🔋 New supercapacitor uses polymer from plants to charge faster
New supercapacitor charges faster and holds more charge with the help of materials from nature.
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Electrodes and capacitors have become an increasingly important part of our lives as we both get more electrical gadgets that need to be charged and we electrify our vehicle fleet and other parts of our everyday lives. Electrical equipment thus becomes dependent on substances that are not always available, cheap or environmentally friendly in the long run.
To make our electrified everyday life more sustainable, there have long been goals to introduce more natural, renewable materials in manufacturing. The disadvantage is that these materials do not always have well-explored and known electrical properties. Every time new materials become available with known, stable properties, it is therefore a success.
Recently, a research team presented a solution for creating superelectrodes with manganese dioxide and lignin , a polymer that occurs naturally in wood and acts as a binder. By chemically treating the lignin and reacting it with the manganese dioxide, and then combining it with aluminum, a working electrode was created that can be used in supercapacitors.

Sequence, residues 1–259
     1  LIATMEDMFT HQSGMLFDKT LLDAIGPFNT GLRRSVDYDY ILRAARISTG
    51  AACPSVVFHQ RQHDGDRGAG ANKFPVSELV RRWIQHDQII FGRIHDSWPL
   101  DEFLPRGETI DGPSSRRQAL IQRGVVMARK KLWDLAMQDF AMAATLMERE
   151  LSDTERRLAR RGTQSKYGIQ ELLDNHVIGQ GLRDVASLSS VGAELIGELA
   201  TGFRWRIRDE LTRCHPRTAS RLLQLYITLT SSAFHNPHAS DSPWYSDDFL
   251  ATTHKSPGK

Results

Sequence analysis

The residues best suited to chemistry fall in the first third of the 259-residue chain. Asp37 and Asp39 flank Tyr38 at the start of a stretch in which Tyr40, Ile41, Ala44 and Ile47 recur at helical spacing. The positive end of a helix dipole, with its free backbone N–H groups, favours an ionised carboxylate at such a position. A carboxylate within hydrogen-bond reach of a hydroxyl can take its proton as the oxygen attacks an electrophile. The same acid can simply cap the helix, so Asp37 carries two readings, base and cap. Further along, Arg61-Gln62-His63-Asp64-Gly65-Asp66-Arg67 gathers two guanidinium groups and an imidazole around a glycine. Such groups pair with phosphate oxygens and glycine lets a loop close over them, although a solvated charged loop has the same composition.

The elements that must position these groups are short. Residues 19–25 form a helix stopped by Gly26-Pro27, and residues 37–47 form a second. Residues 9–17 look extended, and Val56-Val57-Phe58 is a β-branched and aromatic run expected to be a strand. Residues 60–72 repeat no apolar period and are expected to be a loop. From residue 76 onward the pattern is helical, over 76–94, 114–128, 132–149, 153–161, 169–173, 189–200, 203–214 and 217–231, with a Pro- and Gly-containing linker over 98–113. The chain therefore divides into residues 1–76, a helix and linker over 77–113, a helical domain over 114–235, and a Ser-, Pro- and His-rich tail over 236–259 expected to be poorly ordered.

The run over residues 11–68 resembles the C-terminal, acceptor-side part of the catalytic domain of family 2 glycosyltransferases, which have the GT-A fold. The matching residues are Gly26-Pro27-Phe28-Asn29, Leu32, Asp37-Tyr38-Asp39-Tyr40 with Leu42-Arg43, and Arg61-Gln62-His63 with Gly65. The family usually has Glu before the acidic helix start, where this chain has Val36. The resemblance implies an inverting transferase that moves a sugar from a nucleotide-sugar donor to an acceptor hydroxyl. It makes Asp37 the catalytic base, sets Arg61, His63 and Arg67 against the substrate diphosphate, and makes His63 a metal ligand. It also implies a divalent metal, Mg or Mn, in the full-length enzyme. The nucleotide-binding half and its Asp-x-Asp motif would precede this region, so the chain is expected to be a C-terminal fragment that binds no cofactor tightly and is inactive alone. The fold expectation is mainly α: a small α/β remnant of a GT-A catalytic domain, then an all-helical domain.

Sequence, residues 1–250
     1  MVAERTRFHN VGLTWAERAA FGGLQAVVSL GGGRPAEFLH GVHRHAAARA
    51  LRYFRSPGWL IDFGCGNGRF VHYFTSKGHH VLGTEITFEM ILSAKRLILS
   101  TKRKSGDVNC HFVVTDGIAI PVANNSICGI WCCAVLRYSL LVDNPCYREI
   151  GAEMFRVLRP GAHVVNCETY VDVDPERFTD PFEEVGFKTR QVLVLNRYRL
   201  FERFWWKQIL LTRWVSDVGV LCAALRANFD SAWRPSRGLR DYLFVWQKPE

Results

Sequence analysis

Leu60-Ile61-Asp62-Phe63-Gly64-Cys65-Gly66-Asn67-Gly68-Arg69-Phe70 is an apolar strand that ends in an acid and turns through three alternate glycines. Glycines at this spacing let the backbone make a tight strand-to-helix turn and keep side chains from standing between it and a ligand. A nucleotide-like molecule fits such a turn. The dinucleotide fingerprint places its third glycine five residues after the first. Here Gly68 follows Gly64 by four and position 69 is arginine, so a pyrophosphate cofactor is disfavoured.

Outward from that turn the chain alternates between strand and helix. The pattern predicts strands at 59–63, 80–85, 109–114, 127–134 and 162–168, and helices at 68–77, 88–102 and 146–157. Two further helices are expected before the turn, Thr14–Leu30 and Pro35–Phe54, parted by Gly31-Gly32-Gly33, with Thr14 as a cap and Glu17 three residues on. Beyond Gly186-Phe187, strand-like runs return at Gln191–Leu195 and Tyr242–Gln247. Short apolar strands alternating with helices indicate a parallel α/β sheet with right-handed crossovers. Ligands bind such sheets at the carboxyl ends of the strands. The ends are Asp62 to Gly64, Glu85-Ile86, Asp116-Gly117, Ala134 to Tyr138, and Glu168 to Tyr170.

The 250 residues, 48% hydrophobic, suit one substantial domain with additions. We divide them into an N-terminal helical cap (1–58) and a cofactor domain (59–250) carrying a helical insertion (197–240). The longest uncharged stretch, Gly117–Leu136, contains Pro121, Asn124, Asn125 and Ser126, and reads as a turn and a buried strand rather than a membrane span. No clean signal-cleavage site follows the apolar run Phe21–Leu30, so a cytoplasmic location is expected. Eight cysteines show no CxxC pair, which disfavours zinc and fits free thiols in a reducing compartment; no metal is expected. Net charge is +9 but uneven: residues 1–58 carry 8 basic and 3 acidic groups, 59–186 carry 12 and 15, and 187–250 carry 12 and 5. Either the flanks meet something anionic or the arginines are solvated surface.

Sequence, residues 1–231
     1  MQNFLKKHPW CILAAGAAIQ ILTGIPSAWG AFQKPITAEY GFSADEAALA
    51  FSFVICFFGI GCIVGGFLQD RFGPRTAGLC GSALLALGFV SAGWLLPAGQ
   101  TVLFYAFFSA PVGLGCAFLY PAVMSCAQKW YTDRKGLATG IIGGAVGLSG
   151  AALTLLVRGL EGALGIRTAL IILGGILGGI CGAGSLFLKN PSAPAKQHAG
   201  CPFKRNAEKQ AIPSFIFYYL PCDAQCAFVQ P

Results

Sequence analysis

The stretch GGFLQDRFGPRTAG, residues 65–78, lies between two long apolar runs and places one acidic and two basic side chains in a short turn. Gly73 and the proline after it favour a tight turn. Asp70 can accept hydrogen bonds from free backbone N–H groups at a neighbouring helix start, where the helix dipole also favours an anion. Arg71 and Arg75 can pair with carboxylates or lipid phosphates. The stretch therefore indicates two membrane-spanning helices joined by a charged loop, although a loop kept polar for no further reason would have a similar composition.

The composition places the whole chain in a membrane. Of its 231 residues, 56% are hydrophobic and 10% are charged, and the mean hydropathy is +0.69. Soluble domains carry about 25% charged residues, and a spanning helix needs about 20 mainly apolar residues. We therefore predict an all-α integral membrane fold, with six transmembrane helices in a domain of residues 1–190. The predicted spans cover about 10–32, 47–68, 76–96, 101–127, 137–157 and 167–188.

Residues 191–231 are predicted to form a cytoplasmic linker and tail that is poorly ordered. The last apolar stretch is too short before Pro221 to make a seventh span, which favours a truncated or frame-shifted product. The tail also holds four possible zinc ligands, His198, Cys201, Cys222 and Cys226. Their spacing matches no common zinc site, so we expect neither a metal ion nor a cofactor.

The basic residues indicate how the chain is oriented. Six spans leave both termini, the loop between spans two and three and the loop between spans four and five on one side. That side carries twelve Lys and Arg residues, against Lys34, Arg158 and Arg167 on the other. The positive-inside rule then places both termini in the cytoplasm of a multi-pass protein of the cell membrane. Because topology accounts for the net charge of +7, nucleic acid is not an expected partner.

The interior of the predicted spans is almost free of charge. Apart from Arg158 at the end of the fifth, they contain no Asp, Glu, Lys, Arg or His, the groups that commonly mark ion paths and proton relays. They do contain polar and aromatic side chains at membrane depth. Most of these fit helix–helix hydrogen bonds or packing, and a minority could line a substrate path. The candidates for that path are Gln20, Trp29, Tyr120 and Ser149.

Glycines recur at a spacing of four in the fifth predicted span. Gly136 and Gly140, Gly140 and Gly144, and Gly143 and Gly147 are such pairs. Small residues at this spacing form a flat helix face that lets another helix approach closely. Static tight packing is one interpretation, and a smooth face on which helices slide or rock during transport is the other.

Supercapacitors are large capacitors and have the task of holding an electric charge until it is time to discharge it, and function in the same way as batteries. The difference from regular batteries is that supercapacitors can charge and discharge much faster , which makes it possible to reduce the charging time significantly. The advantage of the new supercapacitor is that, at the most optimal mixture of lignin and manganese dioxide, it can hold about 900 times more electric charge than that measured for previous supercapacitors.
Photo: Hong Liang / Texas A&M
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